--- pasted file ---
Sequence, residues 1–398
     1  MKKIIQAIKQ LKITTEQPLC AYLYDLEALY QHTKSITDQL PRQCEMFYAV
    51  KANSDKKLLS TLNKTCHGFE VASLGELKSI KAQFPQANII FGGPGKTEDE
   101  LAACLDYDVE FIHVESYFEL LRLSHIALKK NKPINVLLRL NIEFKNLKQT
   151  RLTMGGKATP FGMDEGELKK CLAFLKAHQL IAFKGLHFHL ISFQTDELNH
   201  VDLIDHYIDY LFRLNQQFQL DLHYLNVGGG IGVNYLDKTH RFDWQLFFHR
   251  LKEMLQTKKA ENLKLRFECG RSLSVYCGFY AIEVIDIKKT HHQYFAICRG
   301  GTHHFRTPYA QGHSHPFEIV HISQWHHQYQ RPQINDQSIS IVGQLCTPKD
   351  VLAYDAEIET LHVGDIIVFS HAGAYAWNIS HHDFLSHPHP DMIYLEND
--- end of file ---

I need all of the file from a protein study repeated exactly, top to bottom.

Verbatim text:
Sequence, residues 1–398
     1  MKKIIQAIKQ LKITTEQPLC AYLYDLEALY QHTKSITDQL PRQCEMFYAV
    51  KANSDKKLLS TLNKTCHGFE VASLGELKSI KAQFPQANII FGGPGKTEDE
   101  LAACLDYDVE FIHVESYFEL LRLSHIALKK NKPINVLLRL NIEFKNLKQT
   151  RLTMGGKATP FGMDEGELKK CLAFLKAHQL IAFKGLHFHL ISFQTDELNH
   201  VDLIDHYIDY LFRLNQQFQL DLHYLNVGGG IGVNYLDKTH RFDWQLFFHR
   251  LKEMLQTKKA ENLKLRFECG RSLSVYCGFY AIEVIDIKKT HHQYFAICRG
   301  GTHHFRTPYA QGHSHPFEIV HISQWHHQYQ RPQINDQSIS IVGQLCTPKD
   351  VLAYDAEIET LHVGDIIVFS HAGAYAWNIS HHDFLSHPHP DMIYLEND